As I think this week about what it means to be sojourners and foreigners, I am reminded of the journey of Sarah & Abraham in Genesis and how we often think that a place, that arriving "there" will solve all our problems. It was never meant to be so.
So for those feeling like life hasn't turned out the way they'd hoped, here's some encouragement from my latest book, Waiting for Wonder:
Sometimes, getting where you want to go is not the answer you hoped it would be. Markus Persson, the founder of Minecraft, recently discovered this truth. A year after he sold his company to Microsoft for $2.5 billion, he tweeted, “The problem with getting everything is you run out of reasons to keep trying, and human interaction becomes impossible due to imbalance.” Two minutes later, at nearly three in the morning, he followed that tweet with another: “Hanging out in ibiza with a bunch of friends and partying with famous people, able to do whatever I want, and I've never felt more isolated.”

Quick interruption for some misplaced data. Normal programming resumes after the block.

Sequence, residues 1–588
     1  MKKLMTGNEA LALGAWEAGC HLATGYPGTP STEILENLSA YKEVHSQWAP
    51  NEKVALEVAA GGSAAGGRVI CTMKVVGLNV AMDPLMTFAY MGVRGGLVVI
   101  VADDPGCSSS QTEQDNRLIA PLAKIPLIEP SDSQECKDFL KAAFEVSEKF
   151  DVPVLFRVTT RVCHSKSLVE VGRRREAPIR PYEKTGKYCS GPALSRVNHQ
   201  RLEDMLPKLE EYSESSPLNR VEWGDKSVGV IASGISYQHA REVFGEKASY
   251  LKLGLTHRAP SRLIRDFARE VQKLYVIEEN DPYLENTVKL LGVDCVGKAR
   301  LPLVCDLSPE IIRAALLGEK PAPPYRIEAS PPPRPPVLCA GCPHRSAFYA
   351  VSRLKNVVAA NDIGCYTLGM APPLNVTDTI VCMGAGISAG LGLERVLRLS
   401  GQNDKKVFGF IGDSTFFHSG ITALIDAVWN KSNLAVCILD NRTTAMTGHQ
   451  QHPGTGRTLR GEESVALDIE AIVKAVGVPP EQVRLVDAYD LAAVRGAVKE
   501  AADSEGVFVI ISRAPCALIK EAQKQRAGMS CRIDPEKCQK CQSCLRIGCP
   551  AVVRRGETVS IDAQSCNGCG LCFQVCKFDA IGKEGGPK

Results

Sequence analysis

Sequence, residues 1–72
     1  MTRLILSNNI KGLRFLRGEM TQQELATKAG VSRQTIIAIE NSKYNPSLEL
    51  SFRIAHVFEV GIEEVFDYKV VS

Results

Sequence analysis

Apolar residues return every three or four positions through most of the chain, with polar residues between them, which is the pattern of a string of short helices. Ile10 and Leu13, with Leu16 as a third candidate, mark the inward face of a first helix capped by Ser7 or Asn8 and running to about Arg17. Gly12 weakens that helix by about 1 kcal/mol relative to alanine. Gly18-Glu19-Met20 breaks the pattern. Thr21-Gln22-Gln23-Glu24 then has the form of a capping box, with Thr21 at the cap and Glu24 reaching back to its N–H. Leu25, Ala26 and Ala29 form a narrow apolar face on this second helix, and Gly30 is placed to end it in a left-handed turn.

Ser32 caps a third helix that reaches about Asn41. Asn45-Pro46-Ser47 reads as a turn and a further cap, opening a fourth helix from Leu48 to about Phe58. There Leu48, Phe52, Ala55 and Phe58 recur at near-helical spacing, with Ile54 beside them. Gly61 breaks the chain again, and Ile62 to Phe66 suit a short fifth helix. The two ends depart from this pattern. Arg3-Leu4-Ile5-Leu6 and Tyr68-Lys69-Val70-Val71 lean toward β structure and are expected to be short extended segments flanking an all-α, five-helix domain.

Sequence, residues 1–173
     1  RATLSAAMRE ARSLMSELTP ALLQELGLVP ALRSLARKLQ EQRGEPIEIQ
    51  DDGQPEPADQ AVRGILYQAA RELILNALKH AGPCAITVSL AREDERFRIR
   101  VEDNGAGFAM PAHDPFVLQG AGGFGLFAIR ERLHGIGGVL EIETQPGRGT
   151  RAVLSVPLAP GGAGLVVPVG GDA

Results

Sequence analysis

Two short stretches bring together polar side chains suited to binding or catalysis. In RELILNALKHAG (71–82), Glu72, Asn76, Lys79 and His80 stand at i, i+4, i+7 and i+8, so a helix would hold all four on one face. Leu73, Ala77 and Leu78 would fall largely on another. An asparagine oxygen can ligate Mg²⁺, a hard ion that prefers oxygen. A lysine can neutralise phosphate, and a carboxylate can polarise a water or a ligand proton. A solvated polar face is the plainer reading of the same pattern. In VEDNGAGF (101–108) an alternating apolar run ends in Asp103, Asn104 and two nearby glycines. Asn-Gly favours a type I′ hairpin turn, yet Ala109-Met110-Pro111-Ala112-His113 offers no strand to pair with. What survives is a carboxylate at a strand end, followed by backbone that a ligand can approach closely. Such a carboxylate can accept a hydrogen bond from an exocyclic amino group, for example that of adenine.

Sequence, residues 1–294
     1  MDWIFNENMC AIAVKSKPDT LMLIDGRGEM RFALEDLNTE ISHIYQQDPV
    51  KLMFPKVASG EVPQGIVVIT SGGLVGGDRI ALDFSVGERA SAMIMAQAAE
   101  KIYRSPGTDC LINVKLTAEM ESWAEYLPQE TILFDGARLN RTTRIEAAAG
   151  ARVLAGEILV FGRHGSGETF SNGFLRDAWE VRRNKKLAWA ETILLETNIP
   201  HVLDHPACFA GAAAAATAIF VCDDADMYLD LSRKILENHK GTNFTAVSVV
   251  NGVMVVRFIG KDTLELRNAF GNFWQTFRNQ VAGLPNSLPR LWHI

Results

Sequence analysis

I ponder these thoughts as I imagine Sarai’s arrival in the promised land. I consider what it means to finally arrive in the place God has promised and it is not everything dreamed or hoped. “When Jesus calls us, he does not guarantee the future or even tell us what it will be like,” says scholar Kent Hughes when commenting on Genesis 12.
Even when we get there, we can’t kick back, settle in, and assume the hard journey is over. I should know this. After eleven years of trying to having a baby, I finally held my newborn girl in my arms. She was beautiful, with pink cheeks, a head full of soon-to-be-curly hair, perfect little fingers, toes . . . vocal cords. She yelled at the top of her lungs for three nights straight after she was born. Nothing appeased her. She had opinions, and she let them be known. I didn’t sleep for 72 hours.
Having a new baby was not the cream-colored, angels-singing, everything-is-a-picture-perfect-painting that I had envisioned. Now, as a teen, my daughter is still beautiful, fierce, determined, and a reminder of what it really looks like to live in the promises of God.
Sometimes it means you have no rest, no pillow on which to lay your head.
To come to the place God has called us does not mean we’ve arrived at peace, perfection, sweetness and light. It means we are sojourners, we are foreigners. We arrive, but we are still living in tents.
And that’s the way it is meant to be.